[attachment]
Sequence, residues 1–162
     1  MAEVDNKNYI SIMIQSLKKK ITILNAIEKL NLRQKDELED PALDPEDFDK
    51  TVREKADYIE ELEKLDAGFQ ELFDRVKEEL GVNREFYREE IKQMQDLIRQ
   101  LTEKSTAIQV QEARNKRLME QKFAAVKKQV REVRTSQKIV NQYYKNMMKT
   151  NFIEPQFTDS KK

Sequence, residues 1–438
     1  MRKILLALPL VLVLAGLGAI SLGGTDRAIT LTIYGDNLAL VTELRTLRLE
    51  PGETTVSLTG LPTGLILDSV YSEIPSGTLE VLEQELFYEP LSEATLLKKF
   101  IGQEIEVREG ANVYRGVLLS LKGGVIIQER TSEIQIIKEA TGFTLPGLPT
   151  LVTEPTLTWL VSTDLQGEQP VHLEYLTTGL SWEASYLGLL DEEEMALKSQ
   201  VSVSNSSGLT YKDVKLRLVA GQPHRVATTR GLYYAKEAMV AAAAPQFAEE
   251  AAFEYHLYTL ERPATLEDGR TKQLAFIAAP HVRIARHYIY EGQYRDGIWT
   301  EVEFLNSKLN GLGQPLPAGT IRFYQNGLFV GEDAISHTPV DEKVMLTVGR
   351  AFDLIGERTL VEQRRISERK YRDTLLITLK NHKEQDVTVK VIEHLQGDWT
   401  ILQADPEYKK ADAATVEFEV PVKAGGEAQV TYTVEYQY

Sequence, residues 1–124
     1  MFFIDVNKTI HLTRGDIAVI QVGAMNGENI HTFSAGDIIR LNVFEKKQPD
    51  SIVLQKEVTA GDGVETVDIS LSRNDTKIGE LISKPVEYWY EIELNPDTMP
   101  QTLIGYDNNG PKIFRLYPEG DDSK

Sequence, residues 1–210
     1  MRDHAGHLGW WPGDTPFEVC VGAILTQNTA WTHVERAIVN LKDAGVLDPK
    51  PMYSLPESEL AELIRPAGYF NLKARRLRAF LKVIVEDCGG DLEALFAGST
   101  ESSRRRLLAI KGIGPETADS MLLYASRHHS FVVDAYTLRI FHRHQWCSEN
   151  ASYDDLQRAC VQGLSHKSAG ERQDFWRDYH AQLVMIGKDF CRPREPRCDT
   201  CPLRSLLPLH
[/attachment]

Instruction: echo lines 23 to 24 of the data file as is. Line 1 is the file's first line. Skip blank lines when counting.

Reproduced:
   101  ESSRRRLLAI KGIGPETADS MLLYASRHHS FVVDAYTLRI FHRHQWCSEN
   151  ASYDDLQRAC VQGLSHKSAG ERQDFWRDYH AQLVMIGKDF CRPREPRCDT